In 2010, former Los Angeles Superior Court law clerk Luis Escamilla traded the courtroom for the classroom, where he teaches his immigrant and refugee students English, history, and a worldly understanding of identity and justice. This is Luis’ story.
Marcus Griggs’ father grew up in a violent home, but the cycle of abuse stopped when he had his own children. Through example and discipline, Marcus was taught how to be a strong and loving man. Today, Marcus helps young men who have experienced violence or abuse develop the skills to have healthy relationships—and become the best young men they can be. This is Marcus’ story.
When Joe Grabowski's students reacted with horror to his stories about sharks, Grabowski took a novel approach to help these sharkaphobes get over their fear. Joe found shark researchers from the Bahamas to chat with his students online. Since that day, Joe's students have gone on over 100 global expeditions—meeting penguins, astronauts, and scuba divers. This is Joe's story.
In 2012 Minnuette Rodriguez started a small butterfly nursery to strengthen her students' connection to nature. As students watch the butterflies’ transformations from egg to adult, Minnuette watches her students transform themselves. This is Minnuette’s story.
In the spring of 2013, Kent State Professor Karen Cunningham used the YES! Magazine article "What Can Change When We Learn to See Each Other," to challenge students to practice empathy and compassion in their everyday lives, and then write about their experiences. The results, for both Professor Cunningham and her students, were life-changing. This is Karen’s story.
Nick Faber helped establish a local home visit project because he believes that, when a teacher knows his student's family, together they are the best partners in that child's learning. This is Nick's story.
As a young girl, Elizabeth Traina had a teacher tell her that she wasn’t an artist. Now she helps empower teachers and students through the belief that we are all artists. This is Elizabeth’s story.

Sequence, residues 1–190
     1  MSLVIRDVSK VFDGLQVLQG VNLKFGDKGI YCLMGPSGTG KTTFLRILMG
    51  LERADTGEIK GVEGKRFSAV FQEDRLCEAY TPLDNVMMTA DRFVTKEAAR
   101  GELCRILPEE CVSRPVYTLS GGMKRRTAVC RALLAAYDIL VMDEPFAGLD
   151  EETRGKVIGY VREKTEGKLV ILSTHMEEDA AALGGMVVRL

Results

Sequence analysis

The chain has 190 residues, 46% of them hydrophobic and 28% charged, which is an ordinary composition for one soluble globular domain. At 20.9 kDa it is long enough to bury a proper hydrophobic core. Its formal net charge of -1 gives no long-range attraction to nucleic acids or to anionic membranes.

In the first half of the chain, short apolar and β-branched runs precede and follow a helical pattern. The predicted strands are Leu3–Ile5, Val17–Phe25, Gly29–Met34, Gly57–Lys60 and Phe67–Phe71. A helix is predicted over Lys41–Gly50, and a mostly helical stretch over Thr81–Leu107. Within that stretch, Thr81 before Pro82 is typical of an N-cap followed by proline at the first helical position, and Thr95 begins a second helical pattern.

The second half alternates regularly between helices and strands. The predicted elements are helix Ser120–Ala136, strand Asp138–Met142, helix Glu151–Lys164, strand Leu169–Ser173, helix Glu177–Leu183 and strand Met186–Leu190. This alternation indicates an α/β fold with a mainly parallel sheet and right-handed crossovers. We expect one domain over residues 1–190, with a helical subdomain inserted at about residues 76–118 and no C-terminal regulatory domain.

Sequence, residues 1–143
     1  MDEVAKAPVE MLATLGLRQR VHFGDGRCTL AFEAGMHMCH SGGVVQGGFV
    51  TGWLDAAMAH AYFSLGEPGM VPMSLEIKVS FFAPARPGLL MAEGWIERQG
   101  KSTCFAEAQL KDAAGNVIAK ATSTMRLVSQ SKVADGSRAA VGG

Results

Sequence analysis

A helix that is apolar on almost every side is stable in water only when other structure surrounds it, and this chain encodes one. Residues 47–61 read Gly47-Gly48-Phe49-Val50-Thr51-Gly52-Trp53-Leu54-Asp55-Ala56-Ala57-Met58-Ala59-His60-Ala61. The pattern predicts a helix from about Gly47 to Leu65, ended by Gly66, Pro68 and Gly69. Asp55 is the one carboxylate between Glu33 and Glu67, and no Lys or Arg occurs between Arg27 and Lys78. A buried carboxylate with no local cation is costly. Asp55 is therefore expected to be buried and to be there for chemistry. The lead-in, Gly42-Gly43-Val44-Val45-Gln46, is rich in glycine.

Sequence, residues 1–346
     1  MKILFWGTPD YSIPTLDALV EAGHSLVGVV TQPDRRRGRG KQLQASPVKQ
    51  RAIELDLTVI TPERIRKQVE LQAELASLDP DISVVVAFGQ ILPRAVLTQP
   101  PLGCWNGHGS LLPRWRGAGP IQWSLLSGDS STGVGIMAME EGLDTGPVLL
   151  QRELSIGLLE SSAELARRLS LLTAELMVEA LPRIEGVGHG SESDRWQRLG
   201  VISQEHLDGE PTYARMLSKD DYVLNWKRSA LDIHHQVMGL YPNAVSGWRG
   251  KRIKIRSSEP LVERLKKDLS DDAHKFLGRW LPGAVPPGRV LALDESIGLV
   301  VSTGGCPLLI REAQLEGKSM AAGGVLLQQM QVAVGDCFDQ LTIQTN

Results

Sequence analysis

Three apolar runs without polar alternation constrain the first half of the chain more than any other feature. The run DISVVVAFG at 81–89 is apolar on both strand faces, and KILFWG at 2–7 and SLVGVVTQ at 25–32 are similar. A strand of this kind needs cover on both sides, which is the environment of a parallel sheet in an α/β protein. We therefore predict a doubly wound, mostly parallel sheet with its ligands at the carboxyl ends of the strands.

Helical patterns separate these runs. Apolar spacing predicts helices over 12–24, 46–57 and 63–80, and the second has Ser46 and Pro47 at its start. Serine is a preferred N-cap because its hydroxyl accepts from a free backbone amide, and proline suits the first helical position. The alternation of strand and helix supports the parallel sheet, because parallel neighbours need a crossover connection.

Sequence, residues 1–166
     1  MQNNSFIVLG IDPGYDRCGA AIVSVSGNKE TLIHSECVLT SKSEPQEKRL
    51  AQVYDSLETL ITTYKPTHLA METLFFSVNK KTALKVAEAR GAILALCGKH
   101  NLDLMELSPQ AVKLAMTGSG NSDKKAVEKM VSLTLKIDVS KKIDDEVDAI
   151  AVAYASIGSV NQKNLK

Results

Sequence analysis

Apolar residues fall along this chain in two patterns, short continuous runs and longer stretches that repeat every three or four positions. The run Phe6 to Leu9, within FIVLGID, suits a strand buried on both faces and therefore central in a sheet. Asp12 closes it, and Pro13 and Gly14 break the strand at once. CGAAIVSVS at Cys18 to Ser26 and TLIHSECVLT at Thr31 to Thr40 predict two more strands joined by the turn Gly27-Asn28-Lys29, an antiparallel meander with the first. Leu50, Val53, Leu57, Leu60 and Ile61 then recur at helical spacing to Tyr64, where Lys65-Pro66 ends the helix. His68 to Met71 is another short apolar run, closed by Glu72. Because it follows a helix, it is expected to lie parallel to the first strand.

Tasia Yamamura is a FoodCorps service member on the beautiful Waiʻanae coast of Oahu, Hawai'i. To combat diabetes and heart disease, she is teaching young people how to grow and prepare real, healthy foods. This is Tasia's story.
For Ietef "DJ Cavem" Vita, HIP HOP is not just a form of music, it's a way of life—one he's using to teach kids about cultivating the earth and eating fresh veggies. This is Ietef's story.
The Nazca Lines of Peru inspired Oregon artist Daniel Dancer to invite an entire elementary school of students to be the beads on the headband of a 25-acre Indian head. The result was stunning and life changing. This is Daniel’s story.
What calls high school English teacher Aletha Fields to teach each and every day? Her faith, her commitment to take care of herself, and the love and appreciation from her students. This is Aletha’s story.
A typical day at Brooklyn Free School.
At "free schools," kids decide what they want to learn. Teacher Gia Rae Winsryg-Ulmer honors their right to be themselves and the independent-thinking people they are meant to be. This is Gia's Story.
Former park ranger-turned-professor Margo Farnsworth believes that biomimicry is one of the most important new tools for sustainability. It gets her students outside and unleashes their scientific and entrepreneurial minds. This is Margo's story.
Lilian Hill has a vision that the next generation of Hopi People will be healthy and return to the land. Through Hopi Tutskwa Permaculture, she reconnects all ages to traditional farming and ecological wisdom. This is Lilian’s story.